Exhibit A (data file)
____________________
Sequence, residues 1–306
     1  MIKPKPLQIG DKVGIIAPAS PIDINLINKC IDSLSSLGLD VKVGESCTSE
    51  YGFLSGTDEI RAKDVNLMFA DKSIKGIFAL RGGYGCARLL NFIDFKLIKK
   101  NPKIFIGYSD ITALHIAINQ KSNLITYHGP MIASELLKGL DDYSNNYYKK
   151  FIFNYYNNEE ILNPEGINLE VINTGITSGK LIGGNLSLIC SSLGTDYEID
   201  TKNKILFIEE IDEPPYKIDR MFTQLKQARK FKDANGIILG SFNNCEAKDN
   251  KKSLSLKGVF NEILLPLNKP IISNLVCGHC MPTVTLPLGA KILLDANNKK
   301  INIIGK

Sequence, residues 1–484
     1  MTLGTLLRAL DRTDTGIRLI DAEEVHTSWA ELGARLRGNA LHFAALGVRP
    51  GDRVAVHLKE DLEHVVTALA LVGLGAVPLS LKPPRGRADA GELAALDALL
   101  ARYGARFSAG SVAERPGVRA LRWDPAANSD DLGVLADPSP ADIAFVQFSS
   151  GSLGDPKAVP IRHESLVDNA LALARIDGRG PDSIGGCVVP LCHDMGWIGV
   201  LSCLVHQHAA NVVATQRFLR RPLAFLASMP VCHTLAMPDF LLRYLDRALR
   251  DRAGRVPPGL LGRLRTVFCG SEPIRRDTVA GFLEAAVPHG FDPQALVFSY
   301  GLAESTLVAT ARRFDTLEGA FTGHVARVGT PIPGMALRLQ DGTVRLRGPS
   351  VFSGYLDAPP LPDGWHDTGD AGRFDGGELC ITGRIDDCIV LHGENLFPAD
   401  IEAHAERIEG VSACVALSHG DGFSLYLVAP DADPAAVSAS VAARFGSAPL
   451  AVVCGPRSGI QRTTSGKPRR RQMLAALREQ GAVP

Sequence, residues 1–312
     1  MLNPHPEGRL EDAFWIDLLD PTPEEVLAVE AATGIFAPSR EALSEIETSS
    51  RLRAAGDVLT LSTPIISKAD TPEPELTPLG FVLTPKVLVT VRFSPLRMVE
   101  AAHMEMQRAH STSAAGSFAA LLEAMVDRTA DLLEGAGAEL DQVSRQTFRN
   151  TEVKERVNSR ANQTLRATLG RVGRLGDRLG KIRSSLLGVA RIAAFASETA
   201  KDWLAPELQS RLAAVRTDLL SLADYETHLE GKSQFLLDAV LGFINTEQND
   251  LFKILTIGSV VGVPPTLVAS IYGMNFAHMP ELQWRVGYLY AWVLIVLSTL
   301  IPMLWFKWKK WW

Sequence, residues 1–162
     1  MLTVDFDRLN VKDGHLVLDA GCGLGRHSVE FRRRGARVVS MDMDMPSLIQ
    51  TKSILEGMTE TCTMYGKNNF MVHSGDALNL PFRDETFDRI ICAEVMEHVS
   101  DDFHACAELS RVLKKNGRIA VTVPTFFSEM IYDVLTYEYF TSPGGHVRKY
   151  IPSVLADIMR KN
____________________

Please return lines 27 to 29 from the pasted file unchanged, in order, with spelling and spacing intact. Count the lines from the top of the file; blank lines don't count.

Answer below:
   301  IPMLWFKWKK WW

Sequence, residues 1–162
     1  MLTVDFDRLN VKDGHLVLDA GCGLGRHSVE FRRRGARVVS MDMDMPSLIQ